Topography and Tree Species Improve Estimates of Spatial Variation in Soil Greenhouse Gas Fluxes in a Subtropical Forest

Subtropical and tropical forests account for over 50% of soil CO2 production, 47% of N2O fluxes of natural ecosystems, and act as both significant sources and sinks of atmospheric CH4. However, ecosystem-scale estimates of these fluxes typically do not account for uncertainty that arises from environmental heterogeneity over small spatial scales. To assess the effects of small-scale environmental heterogeneity on GHG fluxes in a tropical forest ecosystem, we measured fluxes of CO2, CH4, and N2O across a topographic gradient and at the base of different tree species. We then used Bayesian linear models together with maps of trees and topography to quantify spatial heterogeneity in ecosystem-scale estimates of GHG emissions. The relationship between GHG fluxes and species and topography varied for each gas type. CO2 varied strongly by species but was only weakly related to topographic variation. In contrast, CH4 and N2O, which are more strongly regulated by soil oxygen, had strong relationships with topography but did not vary across species. Assuming spatial homogeneity and average rainfall conditions, we estimated ecosystem soil CO2 emissions to be 28.91 kg CO2-C/ha/day, net CH4 consumption of − 5.15 g CH4-C/ha/day, and net N2O emissions of 1.78 g N2O-N/ha/day. Including variation caused by tree species decreased ecosystem-level estimates of CO2 emissions by 8.03%, whereas including topographic variation decreased net CH4 consumption by 12.98% and increased net N2O emissions by 1.05%. This translates to a net decrease of 8.32% in estimated CO2-equivalent emissions. Our findings show that ignoring small-scale environmental heterogeneity has implications for bottom-up estimates of GHG fluxes in tropical forests. Given the increasing availability of fine-scale topographic models, incorporating this source of variation in estimates of ecosystem soil GHG emissions could improve our understanding of the role tropical forests play in global GHG cycles.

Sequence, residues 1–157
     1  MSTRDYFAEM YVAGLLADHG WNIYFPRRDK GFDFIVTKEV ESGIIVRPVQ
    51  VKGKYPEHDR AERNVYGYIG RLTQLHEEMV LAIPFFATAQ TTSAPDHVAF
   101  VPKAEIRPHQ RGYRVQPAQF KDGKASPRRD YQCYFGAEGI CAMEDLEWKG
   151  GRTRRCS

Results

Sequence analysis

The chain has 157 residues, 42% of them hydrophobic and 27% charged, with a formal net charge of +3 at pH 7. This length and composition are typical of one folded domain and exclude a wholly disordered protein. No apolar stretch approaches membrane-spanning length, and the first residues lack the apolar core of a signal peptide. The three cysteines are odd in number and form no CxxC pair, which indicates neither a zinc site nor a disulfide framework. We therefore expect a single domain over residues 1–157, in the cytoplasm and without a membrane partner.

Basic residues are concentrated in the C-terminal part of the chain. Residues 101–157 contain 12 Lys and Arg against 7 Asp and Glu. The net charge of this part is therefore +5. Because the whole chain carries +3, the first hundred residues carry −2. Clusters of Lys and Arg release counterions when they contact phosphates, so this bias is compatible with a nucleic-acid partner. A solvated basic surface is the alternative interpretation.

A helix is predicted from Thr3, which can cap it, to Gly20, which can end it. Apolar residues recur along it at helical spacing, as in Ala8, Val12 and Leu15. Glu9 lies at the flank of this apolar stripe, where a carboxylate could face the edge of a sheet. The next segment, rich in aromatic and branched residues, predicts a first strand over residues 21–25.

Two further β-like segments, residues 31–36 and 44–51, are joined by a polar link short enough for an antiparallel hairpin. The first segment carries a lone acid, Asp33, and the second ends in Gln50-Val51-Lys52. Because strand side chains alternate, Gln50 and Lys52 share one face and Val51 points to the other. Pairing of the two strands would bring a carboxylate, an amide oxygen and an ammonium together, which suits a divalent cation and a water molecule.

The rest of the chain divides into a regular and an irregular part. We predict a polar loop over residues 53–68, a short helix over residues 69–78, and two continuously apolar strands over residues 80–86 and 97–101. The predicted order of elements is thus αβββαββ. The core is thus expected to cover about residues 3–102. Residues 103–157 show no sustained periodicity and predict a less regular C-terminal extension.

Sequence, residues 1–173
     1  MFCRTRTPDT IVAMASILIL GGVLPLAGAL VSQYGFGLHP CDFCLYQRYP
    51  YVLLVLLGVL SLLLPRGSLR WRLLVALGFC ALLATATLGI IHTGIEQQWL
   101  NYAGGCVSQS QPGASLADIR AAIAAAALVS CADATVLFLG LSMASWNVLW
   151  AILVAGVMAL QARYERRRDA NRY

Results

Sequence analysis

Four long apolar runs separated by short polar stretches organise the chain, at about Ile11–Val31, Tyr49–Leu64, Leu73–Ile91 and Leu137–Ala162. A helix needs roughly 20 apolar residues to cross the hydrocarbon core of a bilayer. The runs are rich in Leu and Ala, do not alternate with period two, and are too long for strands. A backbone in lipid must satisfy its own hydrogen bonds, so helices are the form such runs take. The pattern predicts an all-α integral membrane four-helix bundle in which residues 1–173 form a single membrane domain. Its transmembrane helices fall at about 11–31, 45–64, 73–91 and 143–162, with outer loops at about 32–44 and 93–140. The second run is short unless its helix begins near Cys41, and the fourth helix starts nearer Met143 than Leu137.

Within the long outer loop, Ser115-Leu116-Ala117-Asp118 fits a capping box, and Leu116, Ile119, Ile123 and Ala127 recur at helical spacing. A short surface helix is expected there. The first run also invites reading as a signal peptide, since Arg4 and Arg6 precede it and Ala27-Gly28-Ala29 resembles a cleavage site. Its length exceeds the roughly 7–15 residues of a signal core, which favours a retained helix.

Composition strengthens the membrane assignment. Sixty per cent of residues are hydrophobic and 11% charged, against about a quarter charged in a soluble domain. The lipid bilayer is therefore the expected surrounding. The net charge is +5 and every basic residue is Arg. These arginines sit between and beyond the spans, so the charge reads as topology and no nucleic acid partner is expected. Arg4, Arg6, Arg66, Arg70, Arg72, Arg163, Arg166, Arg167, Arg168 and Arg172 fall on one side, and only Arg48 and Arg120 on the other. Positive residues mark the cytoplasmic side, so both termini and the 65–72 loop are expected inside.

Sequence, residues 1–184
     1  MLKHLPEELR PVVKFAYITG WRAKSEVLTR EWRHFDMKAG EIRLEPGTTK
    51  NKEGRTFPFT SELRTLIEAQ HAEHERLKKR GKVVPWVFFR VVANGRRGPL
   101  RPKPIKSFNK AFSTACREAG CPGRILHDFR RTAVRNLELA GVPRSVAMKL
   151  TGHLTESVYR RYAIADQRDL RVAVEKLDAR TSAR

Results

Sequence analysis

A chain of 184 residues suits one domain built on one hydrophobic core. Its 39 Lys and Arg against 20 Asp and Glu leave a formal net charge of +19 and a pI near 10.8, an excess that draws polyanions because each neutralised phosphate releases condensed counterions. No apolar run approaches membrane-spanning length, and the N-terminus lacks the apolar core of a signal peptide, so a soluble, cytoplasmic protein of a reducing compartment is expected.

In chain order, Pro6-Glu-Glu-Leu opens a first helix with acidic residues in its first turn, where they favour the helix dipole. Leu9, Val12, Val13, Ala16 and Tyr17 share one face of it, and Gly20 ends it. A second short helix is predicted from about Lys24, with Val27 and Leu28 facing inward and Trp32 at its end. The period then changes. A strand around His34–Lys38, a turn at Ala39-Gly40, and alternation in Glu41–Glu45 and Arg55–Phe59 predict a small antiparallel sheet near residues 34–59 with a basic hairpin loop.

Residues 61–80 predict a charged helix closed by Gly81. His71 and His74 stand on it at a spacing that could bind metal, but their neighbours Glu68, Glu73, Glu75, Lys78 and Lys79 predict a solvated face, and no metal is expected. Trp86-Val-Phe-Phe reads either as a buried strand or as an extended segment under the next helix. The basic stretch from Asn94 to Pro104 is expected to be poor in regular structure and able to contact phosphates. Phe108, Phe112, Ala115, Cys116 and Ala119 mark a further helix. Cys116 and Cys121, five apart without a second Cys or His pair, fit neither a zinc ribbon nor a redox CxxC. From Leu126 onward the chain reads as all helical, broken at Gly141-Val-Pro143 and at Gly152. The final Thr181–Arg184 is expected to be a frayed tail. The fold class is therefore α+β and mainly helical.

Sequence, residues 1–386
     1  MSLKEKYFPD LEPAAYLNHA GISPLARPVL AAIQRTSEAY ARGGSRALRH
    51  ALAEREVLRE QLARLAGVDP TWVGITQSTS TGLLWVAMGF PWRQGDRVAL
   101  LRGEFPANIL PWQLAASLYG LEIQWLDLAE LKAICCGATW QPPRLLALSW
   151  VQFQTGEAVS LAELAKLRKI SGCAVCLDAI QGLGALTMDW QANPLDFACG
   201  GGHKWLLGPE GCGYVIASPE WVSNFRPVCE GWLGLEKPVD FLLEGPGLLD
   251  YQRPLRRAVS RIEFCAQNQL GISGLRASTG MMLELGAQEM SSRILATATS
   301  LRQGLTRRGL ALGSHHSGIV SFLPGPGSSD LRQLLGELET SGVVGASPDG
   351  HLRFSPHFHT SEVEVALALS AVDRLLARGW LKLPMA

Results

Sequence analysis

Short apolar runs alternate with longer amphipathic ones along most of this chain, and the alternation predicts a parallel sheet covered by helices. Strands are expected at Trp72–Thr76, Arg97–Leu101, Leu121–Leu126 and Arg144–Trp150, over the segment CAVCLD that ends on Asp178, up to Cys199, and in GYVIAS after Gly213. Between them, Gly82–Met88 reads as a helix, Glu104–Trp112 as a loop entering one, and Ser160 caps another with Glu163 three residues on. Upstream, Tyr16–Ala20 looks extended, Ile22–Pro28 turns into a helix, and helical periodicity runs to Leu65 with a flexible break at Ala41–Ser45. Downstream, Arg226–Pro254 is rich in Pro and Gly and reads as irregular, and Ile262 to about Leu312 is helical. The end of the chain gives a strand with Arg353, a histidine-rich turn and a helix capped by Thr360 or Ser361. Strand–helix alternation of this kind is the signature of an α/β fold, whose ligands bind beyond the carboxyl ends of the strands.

Andrew W. Quebbeman, Duncan N.L. Menge, Jess Zimmerman, & María Uriarte